‘Snobbery’ claim in Wyee West debate

CROSSROADS: The century-old conundrum of the Wyee West paper subdivision divided Lake Macquarie councillors on Monday night. Picture: David Stewart
CROSSROADS: The century-old conundrum of the Wyee West paper subdivision divided Lake Macquarie councillors on Monday night. Picture: David Stewart

THE CENTURY-old conundrum of Wyee West was dubbed both a “shantytown” and the victim of “snobbery” on Monday night as Lake Macquarie council voted to come up with a plan for the paper subdivision.

The cluster of 199 residential-sized lots was carved out in 1914 before laws required roads and sewerage. Despite there now being 141 landowners there, none of the lots are connected to reticulated water or a sewer.

The lots can’t be built on legally but some families still live in Wyee West homes.

Council staff recommended on Monday that councillors support devising a development plan for the paper subdivision (so-called because it exists “on paper”) that will include seeking tenders for engineering designs and the costs of roads and other critical infrastructure.

But Liberal councillor Jason Pauling, while supportive of forming a reference group to determine how Wyee West’s infrastructure costs might be shared among landowners, said seeking tenders was beyond the council’s remit.

“We have basically what’s an unauthorised shantytown. Right now I think it’s a bit early for us to think about putting our hand in our pocket for what’s a 100-year-old problem,” Cr Pauling said.

“I’m not without sympathy for these people but if I don’t pay my mortgage, the bank comes and takes my house. I would be very disappointed if we end up being the ones carrying the can.”

Labor councillor David Belcher.

Labor councillor David Belcher.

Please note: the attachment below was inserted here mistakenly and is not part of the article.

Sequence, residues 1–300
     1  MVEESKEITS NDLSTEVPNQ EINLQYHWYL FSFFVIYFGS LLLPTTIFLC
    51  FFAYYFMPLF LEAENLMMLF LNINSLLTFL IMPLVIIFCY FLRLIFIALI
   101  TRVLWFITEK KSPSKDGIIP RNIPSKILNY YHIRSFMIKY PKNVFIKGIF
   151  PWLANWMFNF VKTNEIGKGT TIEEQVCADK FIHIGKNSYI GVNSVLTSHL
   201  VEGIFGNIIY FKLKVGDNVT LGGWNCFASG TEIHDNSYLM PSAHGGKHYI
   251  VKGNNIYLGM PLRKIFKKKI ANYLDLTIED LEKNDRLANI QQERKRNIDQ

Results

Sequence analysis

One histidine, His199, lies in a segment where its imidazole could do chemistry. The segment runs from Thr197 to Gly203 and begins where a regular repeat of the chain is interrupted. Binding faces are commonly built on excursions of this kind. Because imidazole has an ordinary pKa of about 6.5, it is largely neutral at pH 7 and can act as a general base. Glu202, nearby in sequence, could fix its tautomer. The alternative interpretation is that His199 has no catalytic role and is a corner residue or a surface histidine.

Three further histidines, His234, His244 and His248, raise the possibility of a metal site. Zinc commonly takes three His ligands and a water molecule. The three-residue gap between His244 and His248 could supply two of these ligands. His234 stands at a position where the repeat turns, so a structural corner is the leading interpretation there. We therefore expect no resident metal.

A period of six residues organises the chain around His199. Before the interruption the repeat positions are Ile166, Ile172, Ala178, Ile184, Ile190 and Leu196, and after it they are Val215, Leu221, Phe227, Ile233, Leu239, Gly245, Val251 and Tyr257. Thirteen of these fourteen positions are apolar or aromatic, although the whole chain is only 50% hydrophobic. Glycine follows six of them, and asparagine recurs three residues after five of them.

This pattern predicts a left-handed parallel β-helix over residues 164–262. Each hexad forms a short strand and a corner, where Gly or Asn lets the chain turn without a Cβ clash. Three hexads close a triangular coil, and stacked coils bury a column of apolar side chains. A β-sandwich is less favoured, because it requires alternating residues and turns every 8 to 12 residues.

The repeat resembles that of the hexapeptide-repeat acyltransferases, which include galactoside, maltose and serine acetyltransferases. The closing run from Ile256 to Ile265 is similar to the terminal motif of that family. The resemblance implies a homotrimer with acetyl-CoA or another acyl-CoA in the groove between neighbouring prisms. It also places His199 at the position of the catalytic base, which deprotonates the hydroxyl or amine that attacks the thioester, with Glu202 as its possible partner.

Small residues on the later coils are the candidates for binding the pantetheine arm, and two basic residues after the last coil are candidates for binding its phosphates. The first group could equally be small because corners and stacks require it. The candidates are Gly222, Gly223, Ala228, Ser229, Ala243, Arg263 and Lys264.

But Labor councillor David Belcher and Lake Mac Independent John Gilbert hit back at Cr Pauling’s comments and those of his fellow Liberal Kevin Baker, who had criticised the council for encouraging people to stay in “places that are not  compliant and never will be compliant” in Wyee West.

“A lot of this discussion strikes me as snobbery,” Cr Belcher said.

“These families live in dwellings because they have to. In some cases there are families involved who’ve lived in these dwellings for generations. These are real people. This is not an abstract discussion.”

Councillors voted down an amendment by councillors Pauling and Baker to omit the plan to seek tenders to cost developing Wyee West and the original motion, including the formation of a reference group, was carried.

A council report says about 87 of the lots in Wyee West have some form of structure, many of which are occupied at least semi-regularly.

“Although council records show that five approvals were issued in the 1980s for machinery sheds, almost all of the structures that exist today have been erected or placed without any form of approval,” the report says.

The state government approved a rezoning for 1250 houses at Wyee West in 2013.